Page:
Retrofitting Sustainable Urban Water Solutions
September 2006

Background to research

Sustainable Urban Drainage Systems (SUDS) have become widely accepted as drainage features for surface water runoff within new developments.  However, the UK has a legacy of existing urban and industrial areas where diffuse pollution and flooding remain an intractable problem.  Consequently, questions have been raised as to whether sustainable drainage systems can be a) retrofitted to existing urban areas in order to improve water quality and/or the flow regime; and b) undertaken on such a scale as to address the full extent of flooding and water quality problems in many existing urban areas.  

There are a number of international examples of successful retrofit SUDS schemes that have achieved significant benefits.  The most notable of these are Malmö in Sweden and a number of North American city initiatives.  However, retrofitting SUDS is a comparatively new concept in the UK and there is much to be considered and learned.  

Objectives of research

In February 2006 SNIFFER commissioned SISTech and The University of Sheffield to conduct research on retrofitting SUDS in a Scottish context.  

The main objectives of this research were:

Key findings and recommendations

The Houston Industrial Estate was selected as the case study site.  Surface water from much of the industrial estate, together with some of the surrounding residential areas, forms the headwaters of the Caw Burn.  The Caw Burn has a history of water quality problems resulting from urban diffuse pollution.

A set of six design options was put forward for the Houston Industrial Estate.  Two of these (design options 3 & 4) concentrated on the retrofitting of SUDS in the catchment.  Design option 3 represents a solution whereby SUDS serving sub-catchments are sited in land in public ownership.  Design option 4 considered the implementation of SUDS within the curtilage of individual properties in the industrial estate.  

It was concluded that design option 3 would be unlikely to provide significant improvements to water quality in the Caw Burn.  This was due to the fact that very little of the greenspace within the Industrial Estate lies within public ownership.  However, design option 4 - the use of retrofit SUDS by a large number of properties in the industrial estate - would be likely to have positive benefits on the downstream water quality in the Caw Burn.  

However, it was concluded that at present no specific driver existed for these properties to implement retrofit SUDS.  The project team made a set of recommendations for changes in policy and drainage service charging structure that would provide greater economic incentives to property owners to retrofit SUDS.  Key to this was the alteration of the current charging structure to take into account the use of storage SUDS as opposed to complete disconnection from Scottish Water assets.  

Green roofs offer considerable potential to manage stormwater at source.  It is unfortunate that the prevalence of low budget pitched metal roofs on Houston's industrial buildings essentially ruled out the widespread implementation of green roof retrofits.  However, even here there remains a significant opportunity to insist on the installation of green roofs on any new/replacement buildings that are constructed on the estate.

The report highlights a number of lessons learned during the case study.  Most importantly, the need to clearly define targets and issues concerning data constraints.  To address the latter problem a number of preliminary appraisal tools were utilised, developed and adapted as part of the scoping study for the Houston Industrial Estate.  The three most significant ‘tools’ were: the development of an updated version of the Swan & Stovin hierarchical approach aimed at the identification and prioritisation of SUDS retrofitting opportunities; the utilisation of GIS data to characterise land-uses and to associate these with potential opportunities for SUDS retrofit; and the use of treatment volume (Vt) as a simple indicator of scheme performance.  This latter tool may be of particular value when a validated hydraulic model does not exist and/or for the assessment of large catchments.  It is envisaged that these tools will be tested and verified against ongoing case studies.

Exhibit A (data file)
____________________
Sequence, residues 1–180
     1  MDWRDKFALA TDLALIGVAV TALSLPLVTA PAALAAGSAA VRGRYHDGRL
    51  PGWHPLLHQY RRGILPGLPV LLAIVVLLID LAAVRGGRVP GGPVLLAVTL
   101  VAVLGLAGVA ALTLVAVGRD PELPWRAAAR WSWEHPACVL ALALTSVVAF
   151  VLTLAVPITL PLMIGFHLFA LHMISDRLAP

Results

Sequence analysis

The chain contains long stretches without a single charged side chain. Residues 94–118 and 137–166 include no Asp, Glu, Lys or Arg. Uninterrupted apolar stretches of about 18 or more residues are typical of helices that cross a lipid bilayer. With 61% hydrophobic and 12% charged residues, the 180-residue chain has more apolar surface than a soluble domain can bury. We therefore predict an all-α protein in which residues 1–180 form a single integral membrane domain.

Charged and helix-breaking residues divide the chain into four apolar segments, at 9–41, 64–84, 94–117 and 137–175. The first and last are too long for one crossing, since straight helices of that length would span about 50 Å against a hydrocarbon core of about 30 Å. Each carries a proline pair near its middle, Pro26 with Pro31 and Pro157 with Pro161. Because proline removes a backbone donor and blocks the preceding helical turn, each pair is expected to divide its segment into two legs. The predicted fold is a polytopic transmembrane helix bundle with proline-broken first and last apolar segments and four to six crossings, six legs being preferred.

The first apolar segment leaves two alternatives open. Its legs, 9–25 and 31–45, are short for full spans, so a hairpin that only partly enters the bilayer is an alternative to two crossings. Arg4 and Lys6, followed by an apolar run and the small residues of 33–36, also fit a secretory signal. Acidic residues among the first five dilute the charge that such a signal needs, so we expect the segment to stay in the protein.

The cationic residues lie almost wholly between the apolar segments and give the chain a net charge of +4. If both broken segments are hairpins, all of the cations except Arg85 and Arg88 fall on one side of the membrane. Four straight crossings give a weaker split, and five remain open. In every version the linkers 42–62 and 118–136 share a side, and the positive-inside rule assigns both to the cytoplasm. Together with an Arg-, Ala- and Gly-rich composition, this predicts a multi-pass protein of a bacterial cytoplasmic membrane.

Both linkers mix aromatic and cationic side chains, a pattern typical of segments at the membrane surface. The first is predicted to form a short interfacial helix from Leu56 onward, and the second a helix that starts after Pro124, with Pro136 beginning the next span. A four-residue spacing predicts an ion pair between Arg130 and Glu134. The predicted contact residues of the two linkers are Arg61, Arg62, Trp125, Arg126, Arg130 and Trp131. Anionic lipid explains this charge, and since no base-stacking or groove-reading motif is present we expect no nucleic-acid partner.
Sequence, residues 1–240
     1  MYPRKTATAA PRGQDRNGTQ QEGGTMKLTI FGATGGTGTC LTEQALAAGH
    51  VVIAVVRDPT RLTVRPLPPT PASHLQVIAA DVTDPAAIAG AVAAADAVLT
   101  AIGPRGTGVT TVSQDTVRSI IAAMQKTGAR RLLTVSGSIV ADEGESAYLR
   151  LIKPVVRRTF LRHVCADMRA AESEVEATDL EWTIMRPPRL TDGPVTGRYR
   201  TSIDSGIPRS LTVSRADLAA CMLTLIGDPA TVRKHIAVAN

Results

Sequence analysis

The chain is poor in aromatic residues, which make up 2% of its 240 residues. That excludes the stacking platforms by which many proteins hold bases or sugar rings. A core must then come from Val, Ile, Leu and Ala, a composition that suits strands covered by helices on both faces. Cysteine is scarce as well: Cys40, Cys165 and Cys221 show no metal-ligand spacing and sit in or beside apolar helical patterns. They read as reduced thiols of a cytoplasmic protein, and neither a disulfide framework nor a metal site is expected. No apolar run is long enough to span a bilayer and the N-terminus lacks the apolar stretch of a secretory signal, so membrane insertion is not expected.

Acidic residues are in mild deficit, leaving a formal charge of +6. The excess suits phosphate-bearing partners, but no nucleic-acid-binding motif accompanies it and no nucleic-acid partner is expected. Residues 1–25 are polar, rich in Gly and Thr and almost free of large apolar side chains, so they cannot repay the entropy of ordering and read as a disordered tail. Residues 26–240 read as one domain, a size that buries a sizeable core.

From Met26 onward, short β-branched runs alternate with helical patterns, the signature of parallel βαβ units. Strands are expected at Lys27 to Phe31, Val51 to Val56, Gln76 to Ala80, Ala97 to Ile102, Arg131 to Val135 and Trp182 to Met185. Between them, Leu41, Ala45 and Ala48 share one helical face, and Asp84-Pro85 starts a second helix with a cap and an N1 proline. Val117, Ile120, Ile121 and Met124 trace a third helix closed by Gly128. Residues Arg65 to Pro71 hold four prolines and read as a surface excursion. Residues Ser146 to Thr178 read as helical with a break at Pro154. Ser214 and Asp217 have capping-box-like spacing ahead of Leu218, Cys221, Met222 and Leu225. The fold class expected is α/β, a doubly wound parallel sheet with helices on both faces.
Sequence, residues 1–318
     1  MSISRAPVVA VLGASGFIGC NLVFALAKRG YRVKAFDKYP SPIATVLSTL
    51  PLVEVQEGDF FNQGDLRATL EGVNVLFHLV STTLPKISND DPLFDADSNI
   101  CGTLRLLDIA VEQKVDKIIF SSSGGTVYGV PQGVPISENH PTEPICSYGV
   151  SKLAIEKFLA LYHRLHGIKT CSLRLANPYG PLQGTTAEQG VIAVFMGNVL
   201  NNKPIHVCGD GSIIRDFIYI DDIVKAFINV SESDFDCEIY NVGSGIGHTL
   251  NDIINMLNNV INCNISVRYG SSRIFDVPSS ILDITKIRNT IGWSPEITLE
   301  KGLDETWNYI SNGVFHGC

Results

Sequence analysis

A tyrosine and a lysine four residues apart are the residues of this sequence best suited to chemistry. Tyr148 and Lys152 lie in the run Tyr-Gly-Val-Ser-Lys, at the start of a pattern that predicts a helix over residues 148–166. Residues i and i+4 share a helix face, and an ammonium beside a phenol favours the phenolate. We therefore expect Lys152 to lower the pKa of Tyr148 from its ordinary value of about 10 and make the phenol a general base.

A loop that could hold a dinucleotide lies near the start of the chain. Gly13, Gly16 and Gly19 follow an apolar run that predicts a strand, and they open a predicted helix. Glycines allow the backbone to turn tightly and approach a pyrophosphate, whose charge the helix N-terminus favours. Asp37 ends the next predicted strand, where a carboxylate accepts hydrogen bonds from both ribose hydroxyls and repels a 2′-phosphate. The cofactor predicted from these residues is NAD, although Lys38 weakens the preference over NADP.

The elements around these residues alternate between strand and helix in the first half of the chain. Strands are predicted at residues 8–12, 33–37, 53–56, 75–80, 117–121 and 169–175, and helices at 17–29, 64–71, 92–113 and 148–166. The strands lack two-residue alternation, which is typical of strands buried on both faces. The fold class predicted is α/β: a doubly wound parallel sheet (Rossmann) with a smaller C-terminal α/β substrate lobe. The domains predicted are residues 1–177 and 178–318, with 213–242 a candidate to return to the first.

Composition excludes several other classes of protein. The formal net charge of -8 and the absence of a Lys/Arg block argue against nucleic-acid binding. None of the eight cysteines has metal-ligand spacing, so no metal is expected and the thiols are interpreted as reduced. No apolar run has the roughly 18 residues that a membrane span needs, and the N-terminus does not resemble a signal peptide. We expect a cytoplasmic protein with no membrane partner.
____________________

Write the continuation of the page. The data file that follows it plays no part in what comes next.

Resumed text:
The report proposes a generic decision-making methodology for retrofitting SUDS.  It has been created with the aim of addressing some of the gaps identified in the literature review, using the experience gained from the Houston Industrial Estate.  The approach is applicable to areas where diffuse pollution is the major driver.  However, it is expected that some of the framework will generalise to other situations e.g. where CSOs or flooding is the major driver.

The decision-making methodology has been sub-divided into two distinct phases.  Phase I is intended as a scoping stage, focusing on determining whether or not SUDS retrofit is a viable option within a specific problem context.  Phase II focuses on detailed design and construction.  Multi Criteria Decision Making (MCDM) techniques provide a means of assessing design alternatives in both phases.  It is intended to test the methodology on future case studies to establish how well it generalises to other situations e.g. CSO spills.

A series of recommendations were made for future work areas, these were focussed on further work to develop the preliminary appraisal tools, investigation into the setting of system performance targets to achieve water quality, and the establishment of a demonstration project in Scotland.

Key words: [Sustainable Urban Drainage Systems, SUDS, retrofit SUDS, diffuse pollution]

Copies of this report are available from the Foundation, in electronic format on CDRom at £20.00 + VAT or hard copy at £35.00, less 20% to FWR members.

N.B. The report is available for download from the SNIFFER Website